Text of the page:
Where there is bodily disease, acute or chronic, the morbid "sense of injury" is much in play. An intelligent patient, on recovery from a stomach disorder, admitted that whenever her stomach had ached she was taken with a violent hatred of her companion with whom she was in affectionate relation. An ignorant Southern colored woman, who had rheumatism in her ankle, believed that she had been "hoodooed," and explained the pain in her ankle by the presence of a snake, which she believed had been put there by a "hoodoo." She was not insane, the idea being consistent with her degree of intelligence, training, and early environment. Another patient, a sensible, cultivated woman, while suffering from a non-nervous illness, in which she had received all the consideration that love and money could furnish, believed herself to have been constantly and deliberately abused. After her recovery, now some years, she still maintains the belief. Instances could be multiplied, for doctors continually meet this atmosphere in the sick-room, from ugly little grievances to delusions of persecution. They are not surprised when a patient tells them in mingled confidence and complaint that he is hungry and neglected, that "they" will give him nothing to eat, etc., to find that his wife has been most attentive, has been pressing him to eat, and has stocked the pantry in anticipation. Dr. Johnson had plenty of ground for saying that a sick man is a rascal, though the modern doctor has reversed the formula.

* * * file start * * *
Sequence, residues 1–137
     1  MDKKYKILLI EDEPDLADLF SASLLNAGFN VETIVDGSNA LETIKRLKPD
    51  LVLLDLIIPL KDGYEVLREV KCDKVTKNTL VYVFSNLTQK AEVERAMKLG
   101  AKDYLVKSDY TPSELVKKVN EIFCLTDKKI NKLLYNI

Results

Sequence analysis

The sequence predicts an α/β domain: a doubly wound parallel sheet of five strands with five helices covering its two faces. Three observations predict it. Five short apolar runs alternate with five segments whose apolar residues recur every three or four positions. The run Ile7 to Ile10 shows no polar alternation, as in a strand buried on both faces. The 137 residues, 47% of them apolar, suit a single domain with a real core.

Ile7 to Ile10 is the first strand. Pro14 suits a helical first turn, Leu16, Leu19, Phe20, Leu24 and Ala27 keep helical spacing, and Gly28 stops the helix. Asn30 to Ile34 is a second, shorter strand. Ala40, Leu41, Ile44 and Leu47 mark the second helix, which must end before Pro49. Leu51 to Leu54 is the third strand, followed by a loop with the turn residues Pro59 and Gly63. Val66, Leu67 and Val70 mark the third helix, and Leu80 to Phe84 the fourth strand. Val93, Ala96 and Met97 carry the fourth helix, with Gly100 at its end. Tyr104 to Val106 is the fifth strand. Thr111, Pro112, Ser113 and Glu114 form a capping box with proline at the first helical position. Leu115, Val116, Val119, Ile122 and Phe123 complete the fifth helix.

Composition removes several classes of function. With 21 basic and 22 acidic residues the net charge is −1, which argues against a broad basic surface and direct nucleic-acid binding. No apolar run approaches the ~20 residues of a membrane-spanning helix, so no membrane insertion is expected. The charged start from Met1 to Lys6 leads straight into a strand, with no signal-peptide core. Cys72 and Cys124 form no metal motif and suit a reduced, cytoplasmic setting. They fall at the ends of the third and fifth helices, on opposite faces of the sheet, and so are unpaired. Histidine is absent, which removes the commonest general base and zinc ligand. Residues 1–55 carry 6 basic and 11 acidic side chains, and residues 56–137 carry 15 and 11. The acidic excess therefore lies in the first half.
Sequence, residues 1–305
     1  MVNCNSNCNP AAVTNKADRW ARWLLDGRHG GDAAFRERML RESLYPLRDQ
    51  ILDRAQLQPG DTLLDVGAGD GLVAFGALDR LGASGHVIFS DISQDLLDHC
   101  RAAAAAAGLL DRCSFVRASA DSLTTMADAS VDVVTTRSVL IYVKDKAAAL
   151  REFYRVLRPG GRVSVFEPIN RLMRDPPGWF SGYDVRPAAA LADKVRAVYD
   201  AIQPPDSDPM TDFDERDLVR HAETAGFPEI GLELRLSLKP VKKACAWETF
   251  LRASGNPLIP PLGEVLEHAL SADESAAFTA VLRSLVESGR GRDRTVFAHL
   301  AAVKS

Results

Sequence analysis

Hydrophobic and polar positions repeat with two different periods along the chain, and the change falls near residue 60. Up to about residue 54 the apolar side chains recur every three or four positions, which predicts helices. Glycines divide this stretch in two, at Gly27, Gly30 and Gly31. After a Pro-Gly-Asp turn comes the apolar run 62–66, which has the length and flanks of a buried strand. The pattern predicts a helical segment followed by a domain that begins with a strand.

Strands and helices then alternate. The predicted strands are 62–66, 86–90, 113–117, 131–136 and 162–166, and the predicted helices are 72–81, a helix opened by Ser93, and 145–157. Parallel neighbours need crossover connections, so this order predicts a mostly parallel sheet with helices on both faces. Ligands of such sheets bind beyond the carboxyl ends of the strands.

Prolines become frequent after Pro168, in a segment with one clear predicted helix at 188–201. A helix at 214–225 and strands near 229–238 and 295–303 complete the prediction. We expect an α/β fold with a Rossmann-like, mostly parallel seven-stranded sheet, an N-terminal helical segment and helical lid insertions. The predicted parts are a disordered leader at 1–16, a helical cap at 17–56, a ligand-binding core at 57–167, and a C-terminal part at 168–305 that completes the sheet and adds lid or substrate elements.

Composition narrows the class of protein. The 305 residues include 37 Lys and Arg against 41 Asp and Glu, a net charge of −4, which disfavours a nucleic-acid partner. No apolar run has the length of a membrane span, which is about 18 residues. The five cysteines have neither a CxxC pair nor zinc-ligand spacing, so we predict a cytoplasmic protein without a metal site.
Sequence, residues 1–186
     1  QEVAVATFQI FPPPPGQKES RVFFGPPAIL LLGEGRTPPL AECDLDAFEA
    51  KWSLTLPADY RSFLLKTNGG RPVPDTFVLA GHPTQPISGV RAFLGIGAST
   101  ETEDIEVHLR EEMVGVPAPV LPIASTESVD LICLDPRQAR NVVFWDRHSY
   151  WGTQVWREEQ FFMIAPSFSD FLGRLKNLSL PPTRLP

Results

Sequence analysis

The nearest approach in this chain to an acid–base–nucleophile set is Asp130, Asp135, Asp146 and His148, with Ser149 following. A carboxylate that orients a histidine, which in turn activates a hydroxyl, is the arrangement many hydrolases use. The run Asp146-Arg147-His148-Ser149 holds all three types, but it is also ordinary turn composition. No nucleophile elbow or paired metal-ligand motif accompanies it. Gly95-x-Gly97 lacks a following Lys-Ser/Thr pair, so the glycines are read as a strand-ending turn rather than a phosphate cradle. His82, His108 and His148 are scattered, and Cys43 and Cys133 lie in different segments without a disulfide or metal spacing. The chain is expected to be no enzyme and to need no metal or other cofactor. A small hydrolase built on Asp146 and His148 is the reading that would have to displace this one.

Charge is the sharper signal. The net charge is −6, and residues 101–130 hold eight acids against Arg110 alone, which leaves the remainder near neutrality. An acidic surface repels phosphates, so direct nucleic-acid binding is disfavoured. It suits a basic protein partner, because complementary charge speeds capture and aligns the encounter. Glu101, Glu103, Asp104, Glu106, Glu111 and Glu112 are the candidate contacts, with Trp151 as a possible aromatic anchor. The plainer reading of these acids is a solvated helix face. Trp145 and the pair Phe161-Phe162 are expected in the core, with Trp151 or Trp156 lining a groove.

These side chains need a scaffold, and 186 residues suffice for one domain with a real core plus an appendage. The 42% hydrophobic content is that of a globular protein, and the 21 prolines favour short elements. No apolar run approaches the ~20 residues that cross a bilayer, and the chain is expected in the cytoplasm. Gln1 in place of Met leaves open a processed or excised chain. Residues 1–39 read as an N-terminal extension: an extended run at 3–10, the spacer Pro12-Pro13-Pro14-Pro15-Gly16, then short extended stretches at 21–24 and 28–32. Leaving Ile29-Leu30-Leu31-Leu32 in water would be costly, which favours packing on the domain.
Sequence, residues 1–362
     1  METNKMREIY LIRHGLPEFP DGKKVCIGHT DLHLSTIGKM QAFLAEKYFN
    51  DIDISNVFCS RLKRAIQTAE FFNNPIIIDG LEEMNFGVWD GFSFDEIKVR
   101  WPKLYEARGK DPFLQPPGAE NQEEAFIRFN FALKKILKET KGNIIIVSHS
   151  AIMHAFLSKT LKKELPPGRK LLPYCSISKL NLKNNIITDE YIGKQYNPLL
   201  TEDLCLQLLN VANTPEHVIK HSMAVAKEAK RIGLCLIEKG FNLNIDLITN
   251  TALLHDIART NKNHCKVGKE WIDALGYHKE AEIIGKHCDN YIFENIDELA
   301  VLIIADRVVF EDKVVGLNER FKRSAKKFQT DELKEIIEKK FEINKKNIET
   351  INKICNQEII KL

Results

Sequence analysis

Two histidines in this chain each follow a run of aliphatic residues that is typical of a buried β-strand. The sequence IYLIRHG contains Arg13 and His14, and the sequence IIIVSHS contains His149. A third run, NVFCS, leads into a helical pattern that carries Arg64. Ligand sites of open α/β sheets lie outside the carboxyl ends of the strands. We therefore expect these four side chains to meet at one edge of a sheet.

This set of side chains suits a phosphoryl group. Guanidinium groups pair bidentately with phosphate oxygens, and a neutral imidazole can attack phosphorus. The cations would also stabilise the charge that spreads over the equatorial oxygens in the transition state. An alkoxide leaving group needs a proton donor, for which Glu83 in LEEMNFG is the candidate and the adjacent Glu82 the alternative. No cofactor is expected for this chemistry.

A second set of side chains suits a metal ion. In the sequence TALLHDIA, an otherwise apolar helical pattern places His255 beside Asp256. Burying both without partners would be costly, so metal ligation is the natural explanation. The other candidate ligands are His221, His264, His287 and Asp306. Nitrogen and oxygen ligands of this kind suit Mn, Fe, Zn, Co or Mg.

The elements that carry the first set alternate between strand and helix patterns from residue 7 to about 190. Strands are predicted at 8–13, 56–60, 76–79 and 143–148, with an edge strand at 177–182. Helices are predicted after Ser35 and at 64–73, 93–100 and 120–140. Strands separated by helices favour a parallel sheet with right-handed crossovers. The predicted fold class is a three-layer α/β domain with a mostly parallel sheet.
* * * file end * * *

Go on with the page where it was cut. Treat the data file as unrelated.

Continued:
Persons who suffer from actual trouble or ill treatment easily develop a morbid sense of injury, just as under similar conditions they may become insane. Unable to estimate the precise amount of their real grievance, there is an easy mental overflow into the fictitious ones. It is for this reason that the narrative of a real trouble or quarrel is so fraught with calumnious arraignment of others that it is unreliable until we have heard the "other side of the story," and that when disputants meet and explanations follow they often find that they have no casus belli. In the examination of the alleged insane for commitment we have constantly to separate the real from the imaginary troubles. Mr. F—— was the subject of such examination. He was suffering from heart disease, and thereby compelled to remain at home idle. His wife was supporting the family by keeping boarders, and he began to develop a morbid jealousy of her. He annoyed her by a constant surveillance and suspicion of her every act, which amounted at times to the delusion that she was unfaithful to him, and which culminated one night in an outbreak in which the police figured. It was difficult to separate his real from his imaginary grievances, for his wife had ceased to have any affection for him, though his delusion in regard to her unfaithfulness was unfounded and had been grafted upon his real trouble. Sent to a general hospital, he improved, and was reported "not insane." Circumstances requiring a hard struggle for existence, disappointment without apparent cause, coupled with a certain sentimental cast of mind, often prevent the correct estimation of the wrongs suffered and the proper relation of undoubted misfortunes.